By Steve Agbota

The National President of the National Council of Managing Directors of Licensed Customs Agents (NCMDLCA), Lucky Amiwero, has said that the port reforms of 2006 lacked legal framework and economic regulator, which has created various bottlenecks and hindrances in the port system.

Amiwero in a letter written to President Bola Tinubu, titled; “The Negative Impact In Privatising Nigerian Ports Without Legal Framework And Economic Regulator Since 2005 Till Date,” said that the nation’s Ports are associated with cumbersome, lengthy and unwholesome practice, which ranks Nigerian Ports as the most expensive within West African sub-region.

Amiwero who has served in various committees on Presidential Task Force on the Reform of Nigeria Customs Service, Presidential Committee on 48 hours clearance of goods from the port and others, expressed more concerned about the process of privatising Nigerian Ports without legal framework and economic regulator, which has constituted hindrance that resulted to gridlock on the nation’s roads.

He lamented that the process of the port reforms give room to lack of holding bays, lack of trailer parks, lack of Government warehouses in the Ports and no regulator to check the private monopoly of the terminal operators, these components where excluded from the Port privatisation process.

“The holding bays that existed before 2005 within and around the Ports, was ceded out as land space to terminal operators, without providing alternatives, all the spaces used for various activity to enhance port activities, was ceded to terminal operators, forcing the trucks, lorries to use the available Port access road to hold empty containers and wait as holding bay, awaiting access to the Port to load clients consignment.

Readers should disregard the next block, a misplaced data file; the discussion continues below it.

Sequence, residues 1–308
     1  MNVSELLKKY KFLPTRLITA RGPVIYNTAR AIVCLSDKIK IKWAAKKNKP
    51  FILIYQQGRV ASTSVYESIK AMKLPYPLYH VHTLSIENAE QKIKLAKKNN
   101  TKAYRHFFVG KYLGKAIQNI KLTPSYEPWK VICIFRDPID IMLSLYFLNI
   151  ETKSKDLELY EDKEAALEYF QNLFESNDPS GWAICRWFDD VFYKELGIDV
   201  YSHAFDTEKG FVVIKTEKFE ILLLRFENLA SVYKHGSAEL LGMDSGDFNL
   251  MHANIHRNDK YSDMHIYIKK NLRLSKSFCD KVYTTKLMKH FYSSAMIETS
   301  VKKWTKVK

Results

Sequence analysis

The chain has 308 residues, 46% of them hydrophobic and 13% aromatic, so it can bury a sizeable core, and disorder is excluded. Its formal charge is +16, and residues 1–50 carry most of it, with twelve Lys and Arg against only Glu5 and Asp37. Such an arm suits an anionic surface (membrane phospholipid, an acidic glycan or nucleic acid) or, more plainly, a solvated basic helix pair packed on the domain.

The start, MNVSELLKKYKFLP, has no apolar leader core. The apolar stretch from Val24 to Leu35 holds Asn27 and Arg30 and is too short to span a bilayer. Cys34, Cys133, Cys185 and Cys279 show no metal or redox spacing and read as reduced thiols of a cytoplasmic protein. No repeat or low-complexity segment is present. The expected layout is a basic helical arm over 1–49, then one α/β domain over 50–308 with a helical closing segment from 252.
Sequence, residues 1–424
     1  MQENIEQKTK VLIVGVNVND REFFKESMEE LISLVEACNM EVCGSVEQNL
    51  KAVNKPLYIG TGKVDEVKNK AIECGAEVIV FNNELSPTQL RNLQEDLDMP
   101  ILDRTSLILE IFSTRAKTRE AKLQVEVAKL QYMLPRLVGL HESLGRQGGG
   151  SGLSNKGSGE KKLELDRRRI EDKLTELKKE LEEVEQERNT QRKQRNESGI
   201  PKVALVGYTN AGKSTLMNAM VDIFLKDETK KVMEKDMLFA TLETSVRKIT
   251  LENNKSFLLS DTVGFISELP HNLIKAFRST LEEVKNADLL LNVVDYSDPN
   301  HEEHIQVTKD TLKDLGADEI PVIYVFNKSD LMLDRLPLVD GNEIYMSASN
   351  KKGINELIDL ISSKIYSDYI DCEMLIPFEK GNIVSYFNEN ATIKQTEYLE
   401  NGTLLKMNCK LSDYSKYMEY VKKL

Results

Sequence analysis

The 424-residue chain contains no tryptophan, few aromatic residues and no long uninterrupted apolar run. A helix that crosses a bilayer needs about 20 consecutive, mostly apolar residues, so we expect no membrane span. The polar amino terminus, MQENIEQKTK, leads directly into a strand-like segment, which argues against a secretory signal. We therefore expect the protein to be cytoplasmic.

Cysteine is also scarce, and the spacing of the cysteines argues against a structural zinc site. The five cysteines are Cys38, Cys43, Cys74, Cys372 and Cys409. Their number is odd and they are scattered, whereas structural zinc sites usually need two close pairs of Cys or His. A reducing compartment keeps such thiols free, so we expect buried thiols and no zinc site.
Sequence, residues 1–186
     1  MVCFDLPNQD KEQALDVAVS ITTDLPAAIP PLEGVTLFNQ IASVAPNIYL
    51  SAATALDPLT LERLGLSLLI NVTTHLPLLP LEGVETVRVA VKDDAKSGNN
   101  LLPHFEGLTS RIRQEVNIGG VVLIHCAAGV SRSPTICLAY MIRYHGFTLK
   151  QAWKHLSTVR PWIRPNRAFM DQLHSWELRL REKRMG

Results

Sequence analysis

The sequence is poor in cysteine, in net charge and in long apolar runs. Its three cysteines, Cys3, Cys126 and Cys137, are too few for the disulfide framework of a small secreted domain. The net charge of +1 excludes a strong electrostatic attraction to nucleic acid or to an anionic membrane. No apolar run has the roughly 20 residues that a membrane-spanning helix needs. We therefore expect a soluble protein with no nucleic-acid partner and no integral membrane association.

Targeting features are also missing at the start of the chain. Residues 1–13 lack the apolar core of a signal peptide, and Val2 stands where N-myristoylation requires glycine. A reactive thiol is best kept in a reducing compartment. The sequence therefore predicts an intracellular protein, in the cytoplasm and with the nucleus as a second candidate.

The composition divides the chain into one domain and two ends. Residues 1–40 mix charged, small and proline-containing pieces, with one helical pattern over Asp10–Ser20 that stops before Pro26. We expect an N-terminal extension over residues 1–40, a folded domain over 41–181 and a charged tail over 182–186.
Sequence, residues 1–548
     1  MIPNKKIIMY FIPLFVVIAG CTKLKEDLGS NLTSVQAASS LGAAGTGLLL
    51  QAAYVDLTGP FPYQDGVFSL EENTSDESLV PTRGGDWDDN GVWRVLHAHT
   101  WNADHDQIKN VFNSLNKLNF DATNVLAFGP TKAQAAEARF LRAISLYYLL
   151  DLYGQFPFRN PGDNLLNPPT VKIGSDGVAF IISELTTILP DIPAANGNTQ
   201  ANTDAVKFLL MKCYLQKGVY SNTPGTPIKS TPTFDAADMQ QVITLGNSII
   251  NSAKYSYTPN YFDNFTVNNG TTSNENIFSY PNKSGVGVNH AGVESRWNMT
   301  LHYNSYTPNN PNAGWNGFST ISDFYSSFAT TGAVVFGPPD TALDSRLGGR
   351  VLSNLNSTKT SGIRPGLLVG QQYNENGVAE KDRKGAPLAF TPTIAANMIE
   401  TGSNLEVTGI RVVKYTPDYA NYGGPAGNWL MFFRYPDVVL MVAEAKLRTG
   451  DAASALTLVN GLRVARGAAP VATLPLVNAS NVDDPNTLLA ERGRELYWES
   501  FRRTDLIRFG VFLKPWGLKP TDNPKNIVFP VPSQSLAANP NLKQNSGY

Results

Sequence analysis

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“There are no Government warehouses to place Government cargoes, no trailer parks, no economic regulator, no holding bay, duplication of charges and charges not tied to service is prevalent in our Port system,” he said.

He said Nigeria Port system is expected to serve the economy and meet the needs of Port users in a manner, which is economically and environmentally sustainable, through the establishment of an appropriate operational process, efficient port procedure and effective legislative framework.

“The exclusion of the three (3) components; legislative framework, commercial/economic Port regulator and concession, from the inception of the Port privatisation process in 2005, created room for the present hindrance in our Port system, the principle of concession was jettison, there is no provision of concession in Nigerian Ports Authority Act 38 of 1999, but only lease agreement for five (5) years, as contained in Section 25-(2).

“The impediment makes our port one of the most expensive in the globe, which gave the terminal operators and shipping companies advantage to manipulate and control the Ports system, that lead to bottleneck, gridlock on port access roads, high cost of clearance and extreme private monopoly to the detriment of the economy,” he added.

He said after 19 years in to the lease agreement tagged concession, there is the need to ascertain, if the objective of the Port privatisation, deceitfully tagged concession has been realised, in line with objective of the Bureau of Public Enterprises (BPE), putting in mind the provision of Section 7(c ) of the Port Act 38 of 1999.

However, he called on President Tinubu to set up committee of expert to review the process to accommodate the shortfall inherent in the port system in other to reduce the cost of doing business, lengthy and cumbersome procedure and duplication of process and charges not tied to service, so as to attract back our cargo from neighboring port and foreign direct investment.